ECONOMY - 13 DEC 2017

Before We All Become Entrepreneurs

Before We All Become Entrepreneurs
Iyi Aboyeji, co-founder of Andela and founder of Flutterwave. Successful entrepreneurs have led the way for a new crop of young businessmen in Nigeria. Source: Africabeta

Everybody loves a rags to riches entrepreneur; the unexpected genius from the remote village that built a start-up worth millions. Such stories, valid as they sometimes may be, fuel the myth of the entrepreneur, blurring the realities more closely associated with running your own business. What other myths lie on the path to start-up glory?


Mything Points

'Investor capital is a must for success'. On the surface, one of the truer myths. While no business enterprise can succeed without funding, the funding craze paints a chaotic picture of the start-up scene and distracts would-be entrepreneurs from recognising a broader definition of "capital". The myth is mainly perpetuated through fear - knowing that successful start-up A raised $1 million in round B of funding understandably raises the temperature.

But start-ups can survive outside mainstream funding routes. An example is Github, a development platform funded entirely by the founders. More importantly, and related to the initial point about the broader definition of "capital", funding is often not enough. Juicero, a start-up initially thought to be at the forefront of the "Internet-of-Things", folded even after receiving $120 million in funding. Why? The product itself had very little value-add

Again, funding is critical for any business – new or old; but budding entrepreneurs need not eye that as the X-Factor for their success. 

The second myth is that 'strategies are globally applicable'. Assuming that start-up strategies are easily transferrable across countries ignores the peculiarities of each ecosystem, as suggested by this Tweeter. Strategies created to solve local problems cannot be expected to travel well. Moreover, it falls into the same trap businesses have made for centuries. 

Notable start-ups, such as Uber and Jumia with their respective cash option and cash on delivery policies, have shown the flexibility to tinker with business models to ensure adaptability across different countries. And of course, countries like Nigeria have much harsher business environments and peculiar cultures that often pervert the most simple of business practices.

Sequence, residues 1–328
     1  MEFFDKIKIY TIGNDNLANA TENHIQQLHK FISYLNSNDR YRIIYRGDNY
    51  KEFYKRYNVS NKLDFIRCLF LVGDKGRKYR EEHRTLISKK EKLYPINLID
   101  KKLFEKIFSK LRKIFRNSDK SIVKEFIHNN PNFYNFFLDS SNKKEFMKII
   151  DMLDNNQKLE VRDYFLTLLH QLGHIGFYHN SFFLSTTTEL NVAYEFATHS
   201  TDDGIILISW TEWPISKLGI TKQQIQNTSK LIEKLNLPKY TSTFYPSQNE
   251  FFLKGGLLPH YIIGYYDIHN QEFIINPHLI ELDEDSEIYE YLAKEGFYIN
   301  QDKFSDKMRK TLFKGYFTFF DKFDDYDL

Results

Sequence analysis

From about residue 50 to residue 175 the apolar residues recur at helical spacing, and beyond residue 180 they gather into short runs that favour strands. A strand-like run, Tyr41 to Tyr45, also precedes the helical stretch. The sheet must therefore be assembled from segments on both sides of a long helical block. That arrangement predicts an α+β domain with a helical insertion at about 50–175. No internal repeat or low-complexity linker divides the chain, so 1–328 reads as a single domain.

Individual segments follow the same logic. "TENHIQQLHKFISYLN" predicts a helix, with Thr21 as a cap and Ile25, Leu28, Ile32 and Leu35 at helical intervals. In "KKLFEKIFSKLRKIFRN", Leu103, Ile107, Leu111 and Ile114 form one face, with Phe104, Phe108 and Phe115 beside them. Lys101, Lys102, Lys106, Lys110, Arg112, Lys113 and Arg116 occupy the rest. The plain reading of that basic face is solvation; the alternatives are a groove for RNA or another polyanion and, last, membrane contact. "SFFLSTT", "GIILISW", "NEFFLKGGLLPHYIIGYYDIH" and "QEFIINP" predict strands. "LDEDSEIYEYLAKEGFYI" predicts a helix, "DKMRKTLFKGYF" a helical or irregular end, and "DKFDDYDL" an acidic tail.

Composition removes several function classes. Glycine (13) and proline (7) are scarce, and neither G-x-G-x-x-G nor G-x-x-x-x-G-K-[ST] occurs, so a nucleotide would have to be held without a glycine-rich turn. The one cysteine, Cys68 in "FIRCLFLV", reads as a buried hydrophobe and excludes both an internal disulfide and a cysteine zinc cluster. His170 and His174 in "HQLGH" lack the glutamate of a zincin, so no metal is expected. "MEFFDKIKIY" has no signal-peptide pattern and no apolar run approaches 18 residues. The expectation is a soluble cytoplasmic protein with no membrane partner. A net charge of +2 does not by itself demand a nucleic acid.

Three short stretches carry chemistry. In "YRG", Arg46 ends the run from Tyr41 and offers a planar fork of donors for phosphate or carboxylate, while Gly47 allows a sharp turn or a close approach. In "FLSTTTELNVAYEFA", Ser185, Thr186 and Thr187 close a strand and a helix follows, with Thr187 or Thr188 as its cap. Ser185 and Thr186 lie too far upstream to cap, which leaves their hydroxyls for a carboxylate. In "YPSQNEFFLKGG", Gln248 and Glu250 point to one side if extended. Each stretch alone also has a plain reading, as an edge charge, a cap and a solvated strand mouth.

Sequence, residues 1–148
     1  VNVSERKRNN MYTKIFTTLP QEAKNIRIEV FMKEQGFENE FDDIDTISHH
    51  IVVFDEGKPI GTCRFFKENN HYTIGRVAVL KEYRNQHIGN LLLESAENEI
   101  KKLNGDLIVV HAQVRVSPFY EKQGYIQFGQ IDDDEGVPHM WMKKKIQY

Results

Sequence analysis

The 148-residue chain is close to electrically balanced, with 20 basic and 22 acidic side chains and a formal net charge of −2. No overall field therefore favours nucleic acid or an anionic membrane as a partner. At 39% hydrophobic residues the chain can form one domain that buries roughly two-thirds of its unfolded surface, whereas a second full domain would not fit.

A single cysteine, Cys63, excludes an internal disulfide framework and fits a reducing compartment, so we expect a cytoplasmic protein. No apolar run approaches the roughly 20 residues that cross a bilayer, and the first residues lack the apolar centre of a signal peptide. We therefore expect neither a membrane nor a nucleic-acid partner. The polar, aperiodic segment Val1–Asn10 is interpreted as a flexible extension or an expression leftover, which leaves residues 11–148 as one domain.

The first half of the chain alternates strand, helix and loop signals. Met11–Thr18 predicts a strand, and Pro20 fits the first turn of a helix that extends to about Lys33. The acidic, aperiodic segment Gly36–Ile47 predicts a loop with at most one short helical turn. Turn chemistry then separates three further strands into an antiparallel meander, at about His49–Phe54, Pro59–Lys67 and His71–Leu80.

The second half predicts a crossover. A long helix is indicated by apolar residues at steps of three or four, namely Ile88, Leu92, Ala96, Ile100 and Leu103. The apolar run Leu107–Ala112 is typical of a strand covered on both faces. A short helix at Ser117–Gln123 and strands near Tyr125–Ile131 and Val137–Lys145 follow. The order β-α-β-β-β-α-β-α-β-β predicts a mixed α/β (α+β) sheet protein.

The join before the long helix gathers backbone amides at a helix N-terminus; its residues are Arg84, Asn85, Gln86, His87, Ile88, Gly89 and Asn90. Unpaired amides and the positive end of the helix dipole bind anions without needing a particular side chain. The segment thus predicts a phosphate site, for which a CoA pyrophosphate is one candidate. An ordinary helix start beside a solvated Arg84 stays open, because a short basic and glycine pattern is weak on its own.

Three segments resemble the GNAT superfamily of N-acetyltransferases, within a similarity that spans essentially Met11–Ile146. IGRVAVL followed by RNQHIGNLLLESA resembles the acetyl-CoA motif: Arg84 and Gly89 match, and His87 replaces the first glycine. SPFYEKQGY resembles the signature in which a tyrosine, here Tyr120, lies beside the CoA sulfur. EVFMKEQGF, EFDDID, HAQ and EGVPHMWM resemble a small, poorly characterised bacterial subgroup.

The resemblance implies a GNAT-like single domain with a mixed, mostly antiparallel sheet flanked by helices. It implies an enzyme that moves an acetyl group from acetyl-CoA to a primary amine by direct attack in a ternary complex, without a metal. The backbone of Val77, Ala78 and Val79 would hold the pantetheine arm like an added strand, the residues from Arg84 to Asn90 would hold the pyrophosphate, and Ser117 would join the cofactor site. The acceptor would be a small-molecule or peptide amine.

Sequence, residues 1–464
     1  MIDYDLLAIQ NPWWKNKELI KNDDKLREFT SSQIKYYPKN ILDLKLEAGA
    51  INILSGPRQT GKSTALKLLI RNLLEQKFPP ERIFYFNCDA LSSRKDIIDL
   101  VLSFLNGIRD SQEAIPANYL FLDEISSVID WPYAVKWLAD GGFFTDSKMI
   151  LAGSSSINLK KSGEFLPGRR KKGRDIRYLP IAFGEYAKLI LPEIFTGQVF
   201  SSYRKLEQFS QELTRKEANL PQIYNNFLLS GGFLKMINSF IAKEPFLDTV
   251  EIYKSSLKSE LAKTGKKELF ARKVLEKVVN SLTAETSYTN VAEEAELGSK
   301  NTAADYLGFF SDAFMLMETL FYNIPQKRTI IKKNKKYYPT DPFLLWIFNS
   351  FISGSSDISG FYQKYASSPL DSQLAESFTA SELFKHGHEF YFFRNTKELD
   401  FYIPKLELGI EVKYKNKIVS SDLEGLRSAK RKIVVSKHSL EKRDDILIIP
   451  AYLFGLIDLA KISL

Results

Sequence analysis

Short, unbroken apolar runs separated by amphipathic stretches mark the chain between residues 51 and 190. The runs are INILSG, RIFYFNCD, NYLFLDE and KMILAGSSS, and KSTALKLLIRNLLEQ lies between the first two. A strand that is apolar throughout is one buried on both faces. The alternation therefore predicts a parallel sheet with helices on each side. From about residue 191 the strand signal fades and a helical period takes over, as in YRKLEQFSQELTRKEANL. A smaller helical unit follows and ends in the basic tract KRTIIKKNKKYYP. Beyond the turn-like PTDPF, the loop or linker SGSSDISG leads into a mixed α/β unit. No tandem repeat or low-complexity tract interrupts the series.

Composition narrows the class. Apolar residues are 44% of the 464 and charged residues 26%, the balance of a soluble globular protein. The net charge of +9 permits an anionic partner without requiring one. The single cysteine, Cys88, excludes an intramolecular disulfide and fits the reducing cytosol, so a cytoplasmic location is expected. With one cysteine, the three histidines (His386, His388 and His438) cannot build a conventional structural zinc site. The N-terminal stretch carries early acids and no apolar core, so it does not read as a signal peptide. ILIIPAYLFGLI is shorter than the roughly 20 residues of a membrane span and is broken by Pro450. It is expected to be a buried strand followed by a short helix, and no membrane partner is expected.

Don’t just do it

In the age of virality, there's a tendency to fall victim to the marketing hype. Unsurprisingly, the third myth is the ‘just market it' which suggests that success is only ever one marketing strategy away. Of course, nobody still believes that the world would flock to your doorstep simply because you build a better product. At least, almost nobody. Marketing is a necessary feature of nearly every enterprise, but its independent potency can often be overestimated, leading entrepreneurs to devote more time to packaging than the product.  

TSTV, the newest kid on Nigeria's Pay TV block, may have inadvertently written the manual on this. Despite a heralded nationwide launch on the back of an aggressive marketing campaign, the product never quite got off the ground. Even in its marketing campaign, the company failed to address Nigerian's enduring fear of start-up cable networks, opting instead to shroud its affairs in secrecy.  

Related to the marketing hype, the fourth myth is the 'just do it', better known as Action Bias. This human tendency is most dangerous in business as it makes newer entrepreneurs more trigger-happy than they ought to. Plans never changed an industry on their own, but the bias towards acting first and strategising later is a leading cause of start-up mistakes. It's also partly responsible for the high churn rate of products that don't quite solve any problem.

 

In Pursuit of  The Happily Ever After

The final – and my favourite – myth is the idea of a 'happily ever after'. As highlighted at the start, few things move us as much as feel-good stories of those that rise to the top, but looking at stories of success is a poor way of assessing your options.

The problem is that when we look at Jason Njoku or Iyi Aboyeji, we fall prey to the survivorship bias. This concept is memorably illustrated in a story about how British World War II commanders figured out where to add reinforced armour on their bomber planes. After initially deciding to reinforce the parts of planes that suffered the most hits or damage – based on the planes that made it back – they were soon shown the error of their ways. The planes that made it back were a poor sample because the fact they made it back despite the damage sustained indicated that those areas of the bomber did not need extra protection. The commanders had to think about the damage on the planes that never made it back.

Similarly, budding entrepreneurs need to pay more attention to the stories of those that never made it. Indeed, this is an idea propagated by Jack Ma, founder of Ali Baba. The success stories may show us the happily-ever-afters, but failure teaches us the truth. 

As this brilliant article suggests, the graveyard houses more musicians than the stage, but few people are interested in stories of failure. 

Despite this, entrepreneurship holds many of life's best pleasures, even in failure. And though employers and employees each have a role in any economic system, the entrepreneur – the original risk-taker – has a special place in the machinations of a capitalist system. But the road to start-up glory is paved with gross misinformation, and though these myths may sometimes apply, their representation as truth acts as stumbling blocks along the way.

 

Follow @anselem_kadiri on Twitter for more insight. Subscribe to read more Stears Business articles here.

Anselem Kadiri

Anselem Kadiri

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